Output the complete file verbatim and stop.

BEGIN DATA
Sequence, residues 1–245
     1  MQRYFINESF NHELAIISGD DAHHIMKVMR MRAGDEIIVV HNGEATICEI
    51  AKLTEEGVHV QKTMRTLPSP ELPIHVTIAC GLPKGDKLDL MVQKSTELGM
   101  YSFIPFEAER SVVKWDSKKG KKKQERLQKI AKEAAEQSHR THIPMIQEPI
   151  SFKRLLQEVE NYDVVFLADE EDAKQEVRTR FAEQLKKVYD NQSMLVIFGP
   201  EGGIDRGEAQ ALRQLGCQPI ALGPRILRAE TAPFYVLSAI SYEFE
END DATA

Sequence, residues 1–245
     1  MQRYFINESF NHELAIISGD DAHHIMKVMR MRAGDEIIVV HNGEATICEI
    51  AKLTEEGVHV QKTMRTLPSP ELPIHVTIAC GLPKGDKLDL MVQKSTELGM
   101  YSFIPFEAER SVVKWDSKKG KKKQERLQKI AKEAAEQSHR THIPMIQEPI
   151  SFKRLLQEVE NYDVVFLADE EDAKQEVRTR FAEQLKKVYD NQSMLVIFGP
   201  EGGIDRGEAQ ALRQLGCQPI ALGPRILRAE TAPFYVLSAI SYEFE